Transfer is a book-length elegy. It recalls the life of Aziz Shihab, the poet’s father. Aziz Shihab was a journalist by profession, and so knew the world of writing and the world of asking questions. These tender poems bring to life his loves, his stories, and his lands—his birthplace of Palestine and his adopted home in America. “I Don’t Know,” one of the book’s early poems, serves as a kind of invocation and hope for where the book will go. She hopes: “The man he was can hear the daughter I am.”
In section two of Transfer, Naomi Shihab Nye does a remarkable thing: she uses titles from her father’s notebooks as titles for the section’s eleven poems. She creatively forges a kind of conversation, a dialogue between her father’s writing and her own. The results are stunning. The section opens with “Everything in Our World Did Not Seem To Fit,” which describes the expulsion of the Palestinians from Jerusalem, a loss that will mark her father’s life from that day forward. From there, we move with him to Kansas City through the various difficulties that move entails.
At one moment, the poems break our hearts and in the next, they cause us to break into laughter. In “Is Misery Near Kansas, I Asked,” Shihab Nye writes in her father’s optimistic voice:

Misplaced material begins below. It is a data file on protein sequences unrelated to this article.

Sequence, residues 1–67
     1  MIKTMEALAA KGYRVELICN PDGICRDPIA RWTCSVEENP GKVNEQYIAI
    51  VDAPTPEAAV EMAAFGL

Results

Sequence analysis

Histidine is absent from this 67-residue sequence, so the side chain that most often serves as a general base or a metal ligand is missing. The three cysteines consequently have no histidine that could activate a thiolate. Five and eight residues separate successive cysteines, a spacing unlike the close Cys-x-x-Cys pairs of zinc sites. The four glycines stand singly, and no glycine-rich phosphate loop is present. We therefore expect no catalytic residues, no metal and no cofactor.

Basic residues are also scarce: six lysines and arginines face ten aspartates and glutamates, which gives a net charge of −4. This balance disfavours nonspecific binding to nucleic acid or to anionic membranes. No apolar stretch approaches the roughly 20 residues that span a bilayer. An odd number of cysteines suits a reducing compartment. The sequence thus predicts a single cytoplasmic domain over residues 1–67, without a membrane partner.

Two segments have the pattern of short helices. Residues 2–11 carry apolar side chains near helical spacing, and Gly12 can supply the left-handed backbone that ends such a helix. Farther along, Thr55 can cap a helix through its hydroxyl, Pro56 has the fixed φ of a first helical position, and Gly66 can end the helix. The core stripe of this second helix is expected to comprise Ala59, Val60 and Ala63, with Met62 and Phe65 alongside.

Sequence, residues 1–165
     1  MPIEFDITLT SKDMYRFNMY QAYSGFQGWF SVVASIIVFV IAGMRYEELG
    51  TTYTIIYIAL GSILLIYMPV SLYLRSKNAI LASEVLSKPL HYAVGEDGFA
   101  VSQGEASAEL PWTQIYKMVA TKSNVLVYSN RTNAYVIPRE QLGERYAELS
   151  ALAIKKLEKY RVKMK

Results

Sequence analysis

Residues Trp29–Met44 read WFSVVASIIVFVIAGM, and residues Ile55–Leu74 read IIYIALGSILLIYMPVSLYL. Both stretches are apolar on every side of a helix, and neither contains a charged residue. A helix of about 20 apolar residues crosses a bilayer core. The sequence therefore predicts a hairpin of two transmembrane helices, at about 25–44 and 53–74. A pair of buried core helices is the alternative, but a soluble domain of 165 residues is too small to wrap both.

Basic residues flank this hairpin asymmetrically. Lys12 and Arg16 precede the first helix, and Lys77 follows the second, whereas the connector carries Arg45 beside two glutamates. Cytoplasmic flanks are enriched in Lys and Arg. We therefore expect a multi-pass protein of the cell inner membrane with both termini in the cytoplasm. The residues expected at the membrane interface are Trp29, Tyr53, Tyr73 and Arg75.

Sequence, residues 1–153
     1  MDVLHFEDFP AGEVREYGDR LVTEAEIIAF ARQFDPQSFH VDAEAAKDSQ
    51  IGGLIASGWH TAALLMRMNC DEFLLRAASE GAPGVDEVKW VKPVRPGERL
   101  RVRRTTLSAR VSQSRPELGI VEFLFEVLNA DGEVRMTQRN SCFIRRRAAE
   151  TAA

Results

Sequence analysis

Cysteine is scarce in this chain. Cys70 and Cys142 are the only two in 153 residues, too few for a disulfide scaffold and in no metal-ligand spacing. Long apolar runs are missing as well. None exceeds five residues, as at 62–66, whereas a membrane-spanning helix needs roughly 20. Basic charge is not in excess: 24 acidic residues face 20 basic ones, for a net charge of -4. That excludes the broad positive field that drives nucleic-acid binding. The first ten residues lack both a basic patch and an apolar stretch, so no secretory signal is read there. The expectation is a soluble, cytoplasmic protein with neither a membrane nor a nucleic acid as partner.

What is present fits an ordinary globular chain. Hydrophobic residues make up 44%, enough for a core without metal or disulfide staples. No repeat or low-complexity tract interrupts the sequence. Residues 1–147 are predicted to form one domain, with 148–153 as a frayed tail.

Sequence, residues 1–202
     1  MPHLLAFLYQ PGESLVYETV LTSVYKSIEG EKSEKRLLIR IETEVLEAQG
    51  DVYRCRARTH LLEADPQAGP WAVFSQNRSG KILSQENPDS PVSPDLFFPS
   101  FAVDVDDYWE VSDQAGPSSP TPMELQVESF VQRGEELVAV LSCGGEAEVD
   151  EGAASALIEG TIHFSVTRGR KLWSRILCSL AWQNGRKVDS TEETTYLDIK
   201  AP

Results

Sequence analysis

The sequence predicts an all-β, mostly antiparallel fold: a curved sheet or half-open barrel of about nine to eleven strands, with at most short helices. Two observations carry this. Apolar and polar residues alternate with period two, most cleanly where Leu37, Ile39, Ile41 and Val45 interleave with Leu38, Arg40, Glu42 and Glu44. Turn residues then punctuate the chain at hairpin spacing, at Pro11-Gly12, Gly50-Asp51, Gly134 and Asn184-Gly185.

Finding my way was a pleasure
Every meeting a shiny maybe.
This nice lady has something to tell us.
We have so much to talk about!
“Where Are You Now?” recalls her father’s storytelling skills, as well as one of the difficult days during his final illness:
where you told your last folktale,
mixing donkey, camel, mouse
journey, kitchen, trees,
so the story grew jumbled,
These tender moments provide the pulse of this book. The poems are at their finest when Shihab Nye marries the sorrow of personal loss with the injustices inherent in the Palestinian/Israeli conflict. “Hello, Palestine” opens:
In the hours after you died,
all the pain went out of your face.
Whole governments relaxed
in your jaw line.
How long had you been away
from the place you loved best?
Every minute was too much.
One of the book’s most moving poems recalls the poet’s internal pleading, a reality anyone who has grieved knows well. In “Chicho Brothers Fruit & Vegetable #2” she writes:
6 lemons for $1.00 said the sign.
I was thinking of you.
Absentmindedly I threw 13 lemons into a bag.
At the checkout the woman said, How many lemons?
I said, 6.
It was obvious there were more than that.
She stared at me hard.
Startled, I laughed.
They watch me closely at Chicho’s now,
---cilantro, garlic, broccoli.
Come back, come back.
Among Naomi Shihab Nye’s many talents as a poet is her ability to touch the common points of our human experience. She gives voice to the painful unpredictability that is mourning, but renders it in a beautiful voice. While Transfer specifically honors her father’s life, it also honors the full humanity of her readers.
Joseph Ross is the author of Meeting Bone Man, forthcoming in April, 2012. Twice-nominated for a Pushcart Prize, his poems appear in such anthologies as Collective Brightness: LGBTIQ Poets on Faith, Religion & Spirituality, Full Moon on K Street, and Poetic Voices Without Borders 1 and 2. He is co-editor of Cut Loose the Body: An Anthology of Poems on Torture. Ross directs the Writing Center at Carroll High School in Washington, D.C. and writes regularly at www.JosephRoss.net.